I bolted up, dramatically whipping my pillow out of the bed and making as much noise as a 400 pound gorilla – like only an angry woman can do - and went towards the other room.

“What’s wrong,” Chris asked, as I walked away. Great – gorilla-sized theatrics were a success.

THE DOG,” I shouted. The dog, I desperately pleaded to myself. Really, dog, have you NO idea that in less than 5 hours I must submerge myself in water so cold for so early in the morning and make my way through 4500 yards of probably some ridiculous set of 3 x 400 IM on a 5:00 interval. Totally impossible but that’s the kind of stuff you see at a Saturday morning practice.

I settled into the other bed and looking at the clock realized it was 2:30 am and I was finally sleeping in a quiet, comfortable room. No snorers, no lickers allowed.

It didn’t last long.

I heard footsteps down the stairs, the garage door opens, and a cars headlights shine into the window. About 10 minutes later, the car pulled back into the driveway, the door closed, and the footsteps returned up the stairs.

I fell asleep.

The next morning, after about 3 hours of collective sleep, I returned to our bedroom asking Chris what happened at 2:30 am.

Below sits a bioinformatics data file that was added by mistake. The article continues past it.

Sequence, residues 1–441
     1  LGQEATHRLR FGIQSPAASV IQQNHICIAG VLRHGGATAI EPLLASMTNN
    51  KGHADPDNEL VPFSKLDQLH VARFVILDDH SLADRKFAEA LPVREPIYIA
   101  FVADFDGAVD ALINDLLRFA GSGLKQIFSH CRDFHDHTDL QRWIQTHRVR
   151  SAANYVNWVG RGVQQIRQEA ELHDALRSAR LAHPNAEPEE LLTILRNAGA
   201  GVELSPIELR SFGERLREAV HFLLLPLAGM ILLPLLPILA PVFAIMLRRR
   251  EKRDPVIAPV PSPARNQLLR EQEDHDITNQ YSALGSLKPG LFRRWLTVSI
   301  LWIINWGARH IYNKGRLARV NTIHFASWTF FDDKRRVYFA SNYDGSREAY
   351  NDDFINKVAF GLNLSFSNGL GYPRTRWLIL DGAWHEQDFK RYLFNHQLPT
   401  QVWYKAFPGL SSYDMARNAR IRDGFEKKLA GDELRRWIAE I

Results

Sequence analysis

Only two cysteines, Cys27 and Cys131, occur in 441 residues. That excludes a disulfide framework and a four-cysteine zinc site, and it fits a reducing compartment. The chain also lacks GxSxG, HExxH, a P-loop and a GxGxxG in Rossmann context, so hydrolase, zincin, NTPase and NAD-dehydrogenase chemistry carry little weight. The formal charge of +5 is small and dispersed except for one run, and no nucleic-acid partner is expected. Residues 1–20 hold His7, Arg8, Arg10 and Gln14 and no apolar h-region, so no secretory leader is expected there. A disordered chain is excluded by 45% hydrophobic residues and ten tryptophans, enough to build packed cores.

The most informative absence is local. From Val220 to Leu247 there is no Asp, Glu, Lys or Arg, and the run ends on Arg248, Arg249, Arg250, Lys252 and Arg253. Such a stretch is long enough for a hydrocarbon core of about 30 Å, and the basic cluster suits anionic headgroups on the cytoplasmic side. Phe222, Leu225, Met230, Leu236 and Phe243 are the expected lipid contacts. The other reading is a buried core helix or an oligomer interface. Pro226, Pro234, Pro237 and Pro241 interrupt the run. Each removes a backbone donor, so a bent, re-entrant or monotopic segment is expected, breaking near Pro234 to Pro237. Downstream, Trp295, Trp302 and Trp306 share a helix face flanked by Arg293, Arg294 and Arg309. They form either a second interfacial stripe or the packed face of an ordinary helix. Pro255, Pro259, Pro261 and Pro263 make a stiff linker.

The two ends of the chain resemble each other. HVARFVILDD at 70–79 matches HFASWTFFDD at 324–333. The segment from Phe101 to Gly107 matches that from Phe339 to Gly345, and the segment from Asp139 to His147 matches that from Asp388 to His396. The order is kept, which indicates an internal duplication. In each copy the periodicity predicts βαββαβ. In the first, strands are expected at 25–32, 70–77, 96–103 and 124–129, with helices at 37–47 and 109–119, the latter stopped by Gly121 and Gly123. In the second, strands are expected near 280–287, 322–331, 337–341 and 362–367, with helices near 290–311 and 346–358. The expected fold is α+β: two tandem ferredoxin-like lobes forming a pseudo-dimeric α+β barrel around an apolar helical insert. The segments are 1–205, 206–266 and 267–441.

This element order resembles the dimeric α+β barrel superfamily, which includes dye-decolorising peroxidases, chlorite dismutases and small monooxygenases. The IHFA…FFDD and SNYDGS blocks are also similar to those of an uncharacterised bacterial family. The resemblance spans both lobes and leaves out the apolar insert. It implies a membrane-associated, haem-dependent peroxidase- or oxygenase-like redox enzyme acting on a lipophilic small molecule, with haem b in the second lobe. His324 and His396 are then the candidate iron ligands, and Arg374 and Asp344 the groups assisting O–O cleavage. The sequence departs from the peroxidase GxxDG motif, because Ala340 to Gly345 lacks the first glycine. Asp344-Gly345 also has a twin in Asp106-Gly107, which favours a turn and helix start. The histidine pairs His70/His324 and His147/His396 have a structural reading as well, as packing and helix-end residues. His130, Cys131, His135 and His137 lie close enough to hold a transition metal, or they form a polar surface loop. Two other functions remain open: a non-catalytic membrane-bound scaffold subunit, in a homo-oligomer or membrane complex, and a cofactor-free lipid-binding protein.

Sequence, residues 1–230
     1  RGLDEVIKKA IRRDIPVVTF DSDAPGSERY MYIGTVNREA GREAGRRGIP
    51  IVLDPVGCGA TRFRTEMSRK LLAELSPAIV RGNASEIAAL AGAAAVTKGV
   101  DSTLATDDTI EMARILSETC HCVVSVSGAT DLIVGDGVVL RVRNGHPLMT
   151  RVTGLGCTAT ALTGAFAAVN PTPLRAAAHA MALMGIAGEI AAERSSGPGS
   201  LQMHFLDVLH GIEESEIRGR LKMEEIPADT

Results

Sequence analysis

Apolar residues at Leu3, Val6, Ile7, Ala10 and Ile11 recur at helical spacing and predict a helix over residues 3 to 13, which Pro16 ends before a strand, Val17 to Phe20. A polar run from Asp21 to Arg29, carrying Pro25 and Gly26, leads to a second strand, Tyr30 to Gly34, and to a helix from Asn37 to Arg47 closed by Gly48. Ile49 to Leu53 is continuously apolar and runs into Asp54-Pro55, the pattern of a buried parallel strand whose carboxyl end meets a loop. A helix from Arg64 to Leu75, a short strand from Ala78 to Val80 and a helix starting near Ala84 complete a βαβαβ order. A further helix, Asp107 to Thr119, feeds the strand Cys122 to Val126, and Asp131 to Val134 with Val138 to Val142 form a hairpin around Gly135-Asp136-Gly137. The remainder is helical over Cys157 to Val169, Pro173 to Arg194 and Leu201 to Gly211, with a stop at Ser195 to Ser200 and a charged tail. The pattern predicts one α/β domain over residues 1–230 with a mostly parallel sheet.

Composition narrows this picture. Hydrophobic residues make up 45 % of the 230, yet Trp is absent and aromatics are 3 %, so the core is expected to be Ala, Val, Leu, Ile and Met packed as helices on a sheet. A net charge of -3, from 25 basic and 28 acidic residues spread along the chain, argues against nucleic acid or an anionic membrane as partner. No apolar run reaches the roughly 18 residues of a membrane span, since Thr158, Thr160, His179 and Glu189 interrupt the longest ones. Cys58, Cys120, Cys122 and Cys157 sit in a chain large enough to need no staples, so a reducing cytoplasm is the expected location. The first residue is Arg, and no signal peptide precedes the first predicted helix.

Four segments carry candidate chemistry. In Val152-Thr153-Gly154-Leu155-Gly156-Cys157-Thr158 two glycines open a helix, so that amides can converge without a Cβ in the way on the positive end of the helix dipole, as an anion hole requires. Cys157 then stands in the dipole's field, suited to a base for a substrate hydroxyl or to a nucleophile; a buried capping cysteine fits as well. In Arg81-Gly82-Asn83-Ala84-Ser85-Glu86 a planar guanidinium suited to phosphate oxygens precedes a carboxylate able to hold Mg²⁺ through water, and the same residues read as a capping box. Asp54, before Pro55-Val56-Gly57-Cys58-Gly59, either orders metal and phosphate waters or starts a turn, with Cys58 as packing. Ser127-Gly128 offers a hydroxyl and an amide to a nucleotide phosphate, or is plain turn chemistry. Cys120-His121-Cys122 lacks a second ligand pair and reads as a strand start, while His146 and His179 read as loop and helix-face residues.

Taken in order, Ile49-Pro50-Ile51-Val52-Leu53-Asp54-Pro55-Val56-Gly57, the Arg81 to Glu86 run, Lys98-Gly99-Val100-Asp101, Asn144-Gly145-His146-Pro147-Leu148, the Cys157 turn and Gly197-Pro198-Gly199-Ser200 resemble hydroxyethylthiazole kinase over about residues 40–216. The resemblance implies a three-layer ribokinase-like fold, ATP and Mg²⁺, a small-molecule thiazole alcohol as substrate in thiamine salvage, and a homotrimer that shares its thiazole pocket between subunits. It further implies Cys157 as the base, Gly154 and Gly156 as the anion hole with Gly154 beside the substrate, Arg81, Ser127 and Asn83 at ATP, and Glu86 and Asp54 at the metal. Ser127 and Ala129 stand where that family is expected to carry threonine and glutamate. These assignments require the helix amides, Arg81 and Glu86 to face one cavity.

“I took the damn dog back to my parent’s house. It started licking itself again,” he explained.

For the better part of the night, Chewie had licked his bad breath all over the entire king-sized bed sheet. One thing was sure, though, these sheets were getting washed. NOW. And with that, Chris got out of bed and we stripped the sheets. That’s the last time we let a licker spend the night. That is the last time we invite anything under 5 lbs for a threesome. In fact, I rule out anything at all that has a tongue.

We waited for the washer to get halfway through it’s cycle, then left the sheets soaking for the next 8 hours. It just seemed like the best way to get them clean and free of Chewie’s breath.

And the next time Chris looks up at me, wide-eyed and hopeful, and asks if something can spend the night, I will make an executive decision, put my foot down, and deliver a loud and decisive NO.

1 comment:

Chris Wolfe said...

I am laughing so hard...we're suckers, and our dogs took up residence on the bed, but thank goodness, they lay off the awful habits (for the most part) - I think that you've established a new verb from "Chewie"...maybe it's called a gerund, but I'm going to tell my dogs "no chewie" if they start slurping!

Enjoyed the post!